Last week, I helped host the F2E Summit at Yahoo!, our internal developer event that brings together front end engineers from all around the world. One of the most heavily covered topics was @font-face, and more specifically, it’s pros and cons. Before I forgot all of the great information, I wanted to write it down. This information comes directly from yahoo.com/tablet: Lessons from the Tablet Front Page[1] by Matt Seeley and Case Study:
Wretch New Front Page – Featuring CSS3 for the future
[2] by Adam Wang. I’m doing nothing aside from summarizing their findings.

Compatibility

If you think there are problems with <video> and <audio>;, then you might not have looked closely at @font-face. While there is reasonably decent compatibility across desktop browsers via OpenType, TrueType, and WOFF, this not necessarily the case for mobile. iOS 4.1 and earlier only supports SVG web fonts while Android only supports TrueType; iOS 4.2 and later support Open Type, True Type, and SVG fonts. That means your minimum CSS code to support iOS and Android ends up looking like this:

@font-face {
    font-family: "Gotham Medium";
    font-weight: normal;
    font-style: normal;
    src: url(gothmed.ttf) format(truetype),
        url(gothmed.svg#id) format(svg);
}

Perhaps not the worst thing in the world, but the compatibility issue isn’t yet resolved. Since Internet Explorer prior to 9 does not support multiple values in the src property, it incorrectly parses the above as:

@font-face {
    font-family: "Gotham Medium";
    font-weight: normal;
    font-style: normal;
    src: url(gothmed.ttf)%20format(truetype),%20url(gothmed.svg#id)%20format(svg);
}

Catch that? The entire src property value turns into a single URL. That means Internet Explorer 8 and earlier makes a request to your server with this URL:

/gothmed.ttf)%20format(truetype),%20url(gotmed.svg

Note that the part following # is considered a fragment identifier and so isn’t part of the HTTP request. The problem is that this causes a 404 for every page view, so even though earlier Internet Explorer versions don’t support this file format, they still make a request.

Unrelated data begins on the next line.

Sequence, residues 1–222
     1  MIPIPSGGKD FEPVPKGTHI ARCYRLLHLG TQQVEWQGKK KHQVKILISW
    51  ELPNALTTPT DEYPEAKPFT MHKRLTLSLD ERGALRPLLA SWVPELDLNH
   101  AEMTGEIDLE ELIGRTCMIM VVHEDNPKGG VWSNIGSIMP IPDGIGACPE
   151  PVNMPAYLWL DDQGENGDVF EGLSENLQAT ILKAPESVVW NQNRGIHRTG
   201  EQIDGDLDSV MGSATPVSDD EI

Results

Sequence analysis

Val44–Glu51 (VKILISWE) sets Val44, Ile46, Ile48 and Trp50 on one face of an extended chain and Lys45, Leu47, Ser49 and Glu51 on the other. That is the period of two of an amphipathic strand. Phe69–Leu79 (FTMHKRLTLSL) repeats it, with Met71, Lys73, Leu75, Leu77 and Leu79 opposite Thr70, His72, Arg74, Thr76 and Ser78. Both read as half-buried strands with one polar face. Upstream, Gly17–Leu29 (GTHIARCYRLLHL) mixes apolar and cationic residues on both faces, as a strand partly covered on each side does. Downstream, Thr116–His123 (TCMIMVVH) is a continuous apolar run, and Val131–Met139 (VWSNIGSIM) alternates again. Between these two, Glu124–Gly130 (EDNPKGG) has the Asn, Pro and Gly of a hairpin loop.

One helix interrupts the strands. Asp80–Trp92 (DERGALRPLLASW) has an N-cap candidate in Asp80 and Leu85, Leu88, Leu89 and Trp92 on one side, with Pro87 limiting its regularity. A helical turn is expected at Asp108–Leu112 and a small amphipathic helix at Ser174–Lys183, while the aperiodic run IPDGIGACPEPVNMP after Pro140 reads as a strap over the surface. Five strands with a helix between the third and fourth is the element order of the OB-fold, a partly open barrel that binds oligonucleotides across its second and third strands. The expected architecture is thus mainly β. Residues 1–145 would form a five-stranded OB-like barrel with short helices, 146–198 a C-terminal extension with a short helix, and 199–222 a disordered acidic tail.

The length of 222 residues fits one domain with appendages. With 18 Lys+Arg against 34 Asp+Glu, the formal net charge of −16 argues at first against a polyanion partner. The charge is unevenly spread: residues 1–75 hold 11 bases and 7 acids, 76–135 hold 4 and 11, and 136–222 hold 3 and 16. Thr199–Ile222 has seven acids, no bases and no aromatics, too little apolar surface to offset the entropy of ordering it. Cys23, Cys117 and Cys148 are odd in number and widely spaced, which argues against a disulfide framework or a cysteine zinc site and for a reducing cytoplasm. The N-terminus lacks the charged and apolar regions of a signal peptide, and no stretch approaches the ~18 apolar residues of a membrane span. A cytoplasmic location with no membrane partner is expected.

To fix this, Matt used a data URI for the TTF file, which Internet Explorer 8 and earlier drops on the floor and doesn’t make any further requests. He also notes that data URIs don’t work for SVG fonts as the data URI size hits some sort of upper limit for iOS.

Unexpected behavior

Matt also pointed out an unexpected behavior when applying text-overflow: ellipsis to SVG fonts. This works fine for other fonts and behaves as expected. When applied to SVG fonts, text-overflow: ellipsis causes all of the characters to disappear except for the ellipsis. So instead of seeing “My text…”, you end up seeing just “…” when an SVG font is used on the element.

Performance

When talking about performance, I’m also talking about user experience, and more importantly, user-perceived performance. Both Matt and Adam touched on the performance issues surrounding @font-face. Matt pointed out the flash of unstyled text (FOUT3) on iOS is actually a flash of no text. He found that even though the page would render, the text that used the web font would not render until the file was completely downloaded. He further noted that the download only began when an element using the web font was received by the browser. This led to applying styles using the web font on the <html> element to trigger download as quickly as possible. The problem isn’t completely solved and is probably worth more research.

Another aspect of web font performance is the size of an individual font file. We in the United States are pretty spoiled when it comes to web fonts since our alphabet has only 26 letters and a few punctuation marks. Adam pointed out that Asian character sets are much large, and so font files can be as large as 4-5 MB per file. So if you’re thinking about using non-standard fonts for Asian web sites, you may want to think again before imposing this on your users.

Conclusion

It appears we still have a lot to learn about @font-face and its use on high-traffic web sites. There are still a lot of caveats to consider, not the least of which are compatibility and performance. I’d like to thank Matt and Adam for sharing their learnings so we can better understand the implications of a design centered around web fonts.

Update (6-Mar-2011) – Included iOS version information for web font support.

References

  1. yahoo.com/tablet: Lessons from the Tablet Front Page by Matt Seeley
  2. Case Study:
    Wretch New Front Page – Featuring CSS3 for the future
    by Adam Wang
  3. Fighting the @font-face FOUT by Paul Irish

Disclaimer: Any viewpoints and opinions expressed in this article are those of Nicholas C. Zakas and do not, in any way, reflect those of my employer, my colleagues, Wrox Publishing, O'Reilly Publishing, or anyone else. I speak only for myself, not for them.

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